5 Ways to watch your favorite sports without cable TV.

Football, baseball, basketball images

We’ve heard from a lot of families who are considering canceling cable, but aren’t ready to make the leap due to concerns about being able to watch their favorite sports.  Here’s a short post on some of the alternatives we’ve seen…

Note: Keep in mind that games aired over standard networks can be watched using free high definition over-the-air broadcast TV.   (e.g. college and professional football).   In many cases, the picture is much better (since many cable signals are compressed) – even on a 50″ or 60″ flat screen TV.

1. Football – Watch games being aired over standard broadcast networks using free high definition over-the-air broadcast TV.   Good for college and professional football and bowl game coverage (including of course the Superbowl).  Unless I missed it, NFL.com doesn’t currently offer the ability the watch live games (unless you live outside the US), but they do offer a number of options here.

2. NBA.com offers a service called NBA League Pass which lets you watch live games via broadband or mobile device.  They currently have two options –  Choice, $24.95/year, lets you to watch live games for up to 7 teams and Premium, $49.95 for all 30 teams.  In addition all games can be accessed via a DVR-like full season on demand archive.

3. Major League Baseball games can be watched on your normal TV by buying a MLB.tv subscription and watching on a set top device like the Roku.  As of today, pricing is $119/year which includes home and away broadcasts, full game archives, multi-game view (PIP, Split Screen or Quad) and Live DVR Controls.  They also include a bunch of other extras (listed here).

4. ESPN3 via broadband (select college football, NBA, MLB, The Masters and US Golf Open and all 4 Grand Slam tennis tournaments).   Free access via TV via XBOX for Xbox Live Gold members or streaming via web site.

5. Hockey: NHL GameCenterLive offers live broadcasts (watch up to 40 out of market games each week, full length DVR like archives and the ability to watch up to 4 games at a time (using split screen mode).  As of today, pricing is $79 for the season.

Since some of these services aren’t available via a set top box like Roku or Xbox, you may need to connect your laptop to your TV to use them.  There are a few different ways to do this (we’ll be writing a detailed post on this soon), but if you have a flatscreen TV and your laptop has a HDMI output, you can typically use an inexpensive HDMI cable to connect the two.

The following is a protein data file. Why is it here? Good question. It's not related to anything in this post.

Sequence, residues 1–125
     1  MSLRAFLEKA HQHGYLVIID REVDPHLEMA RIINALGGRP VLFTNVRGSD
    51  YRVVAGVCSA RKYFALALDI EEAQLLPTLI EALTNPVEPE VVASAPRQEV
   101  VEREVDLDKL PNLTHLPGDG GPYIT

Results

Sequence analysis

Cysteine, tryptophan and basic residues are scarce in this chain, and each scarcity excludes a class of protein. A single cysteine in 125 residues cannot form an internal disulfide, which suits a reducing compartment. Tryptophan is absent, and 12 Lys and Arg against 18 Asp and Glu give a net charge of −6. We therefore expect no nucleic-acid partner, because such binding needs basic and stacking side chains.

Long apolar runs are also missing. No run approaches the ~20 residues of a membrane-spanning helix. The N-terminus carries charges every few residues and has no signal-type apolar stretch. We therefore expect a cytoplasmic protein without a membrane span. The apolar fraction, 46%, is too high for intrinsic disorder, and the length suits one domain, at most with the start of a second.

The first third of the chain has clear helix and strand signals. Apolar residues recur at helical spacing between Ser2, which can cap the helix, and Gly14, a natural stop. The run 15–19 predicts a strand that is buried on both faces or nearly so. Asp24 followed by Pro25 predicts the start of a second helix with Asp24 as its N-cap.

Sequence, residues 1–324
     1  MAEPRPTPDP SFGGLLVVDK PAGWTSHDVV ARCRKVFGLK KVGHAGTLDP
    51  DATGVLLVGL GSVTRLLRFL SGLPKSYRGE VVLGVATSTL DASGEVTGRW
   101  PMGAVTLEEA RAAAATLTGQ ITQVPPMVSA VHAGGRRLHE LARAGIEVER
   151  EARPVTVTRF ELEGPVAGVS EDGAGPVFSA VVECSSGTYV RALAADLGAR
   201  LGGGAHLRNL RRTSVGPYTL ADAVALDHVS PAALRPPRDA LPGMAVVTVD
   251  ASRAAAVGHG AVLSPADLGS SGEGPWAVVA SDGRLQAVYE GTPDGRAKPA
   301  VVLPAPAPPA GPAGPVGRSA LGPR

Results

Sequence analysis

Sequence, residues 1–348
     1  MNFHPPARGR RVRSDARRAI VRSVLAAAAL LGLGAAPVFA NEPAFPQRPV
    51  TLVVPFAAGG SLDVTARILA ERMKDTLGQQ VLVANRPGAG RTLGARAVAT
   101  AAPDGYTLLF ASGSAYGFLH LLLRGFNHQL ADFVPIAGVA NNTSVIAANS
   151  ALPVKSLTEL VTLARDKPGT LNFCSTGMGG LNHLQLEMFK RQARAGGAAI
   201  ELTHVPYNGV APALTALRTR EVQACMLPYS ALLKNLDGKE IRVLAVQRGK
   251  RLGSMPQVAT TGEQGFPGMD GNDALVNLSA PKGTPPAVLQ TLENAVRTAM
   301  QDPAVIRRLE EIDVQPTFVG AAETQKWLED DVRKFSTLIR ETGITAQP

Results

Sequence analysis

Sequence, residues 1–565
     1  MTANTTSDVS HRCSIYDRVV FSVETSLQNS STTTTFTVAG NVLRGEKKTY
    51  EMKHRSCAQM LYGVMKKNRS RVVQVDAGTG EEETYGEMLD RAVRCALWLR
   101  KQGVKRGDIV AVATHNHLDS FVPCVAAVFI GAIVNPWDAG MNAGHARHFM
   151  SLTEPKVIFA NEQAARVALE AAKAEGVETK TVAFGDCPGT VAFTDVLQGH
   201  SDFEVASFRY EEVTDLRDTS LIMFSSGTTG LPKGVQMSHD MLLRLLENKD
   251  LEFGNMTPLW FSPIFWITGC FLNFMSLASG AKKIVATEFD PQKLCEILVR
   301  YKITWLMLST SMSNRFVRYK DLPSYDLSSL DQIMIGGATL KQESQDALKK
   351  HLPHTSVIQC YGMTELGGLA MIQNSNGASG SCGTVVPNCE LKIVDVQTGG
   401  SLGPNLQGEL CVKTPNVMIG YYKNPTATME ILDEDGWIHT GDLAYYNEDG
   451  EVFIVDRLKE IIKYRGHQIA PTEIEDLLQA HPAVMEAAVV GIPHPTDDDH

3 thoughts on “5 Ways to watch your favorite sports without cable TV.

  1. I have already cancelled my cable…and love it.

    The biggest draw back is sports. I have the over the air channels, but I can’t watch baseball on a daily basis.

    I have been looking at the MLB.tv package, but it seems like since I will be in my teams market, all games will be blacked out for me. Am I missing something?

    ESPN3, also is only available in my area…if I am a cable customer…how does that make sense.

  2. I have been living without DirecTV for over a year now it has been sweet. Don’t let the loss of sports be a hang up for you on the fence. Like this article mentions, there are many ways to viewing all sorts of sports including some, ahem, web based means if you know what I mean. I have utilized these options by way of my Mac Mini to HDTV connection.

    For me it was how to watch soccer. During the World Cup, ESPN360/ESPN3 was fabulous! I subscribe to MLS Match Day Live, and the Fox Soccer TV. Good stuff.

    I can get MLB and NHL through Boxee (the software, not the box), and I am exploring the NBA Pass for next season. The only hassle is turning on the PC and browsing online.

    Reilly, you should investigate if you can get ESPN3 though your internet provider. That is how I get it.

  3. Thanks for the Info. I think watching sports is the largest issue amongst Cord Cutters. Here are a couple thoughts:

    OTA is definitely a great option for games that are playing on Major Network Channels – and the HD is great if you have good reception! I use the Leaf Antenna and get great results.

    Reilly you are not missing anything.
    MLB.com is not a great option, as they black out all local team games. This is a huge issue IMO. To overcome I subscribe to MLB At Bat on my Iphone and simply listen to my favorite team play. + $119 a year is expensive !

Leave a Reply

Your email address will not be published. Required fields are marked *

You may use these HTML tags and attributes: <a href="" title=""> <abbr title=""> <acronym title=""> <b> <blockquote cite=""> <cite> <code> <del datetime=""> <em> <i> <q cite=""> <strike> <strong>